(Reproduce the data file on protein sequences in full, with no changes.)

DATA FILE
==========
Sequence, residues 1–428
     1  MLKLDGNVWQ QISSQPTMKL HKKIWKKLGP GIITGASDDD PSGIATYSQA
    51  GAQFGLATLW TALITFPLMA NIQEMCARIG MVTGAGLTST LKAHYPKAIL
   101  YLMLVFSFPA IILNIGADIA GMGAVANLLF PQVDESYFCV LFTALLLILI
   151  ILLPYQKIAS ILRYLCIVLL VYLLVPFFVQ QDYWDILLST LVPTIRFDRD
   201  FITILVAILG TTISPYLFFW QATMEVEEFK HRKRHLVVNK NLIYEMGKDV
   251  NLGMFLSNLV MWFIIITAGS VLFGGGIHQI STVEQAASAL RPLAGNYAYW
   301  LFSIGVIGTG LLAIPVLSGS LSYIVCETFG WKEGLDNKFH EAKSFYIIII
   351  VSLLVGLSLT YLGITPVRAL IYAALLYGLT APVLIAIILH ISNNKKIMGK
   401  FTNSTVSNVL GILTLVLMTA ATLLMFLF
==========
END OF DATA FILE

Sequence, residues 1–428
     1  MLKLDGNVWQ QISSQPTMKL HKKIWKKLGP GIITGASDDD PSGIATYSQA
    51  GAQFGLATLW TALITFPLMA NIQEMCARIG MVTGAGLTST LKAHYPKAIL
   101  YLMLVFSFPA IILNIGADIA GMGAVANLLF PQVDESYFCV LFTALLLILI
   151  ILLPYQKIAS ILRYLCIVLL VYLLVPFFVQ QDYWDILLST LVPTIRFDRD
   201  FITILVAILG TTISPYLFFW QATMEVEEFK HRKRHLVVNK NLIYEMGKDV
   251  NLGMFLSNLV MWFIIITAGS VLFGGGIHQI STVEQAASAL RPLAGNYAYW
   301  LFSIGVIGTG LLAIPVLSGS LSYIVCETFG WKEGLDNKFH EAKSFYIIII
   351  VSLLVGLSLT YLGITPVRAL IYAALLYGLT APVLIAIILH ISNNKKIMGK
   401  FTNSTVSNVL GILTLVLMTA ATLLMFLF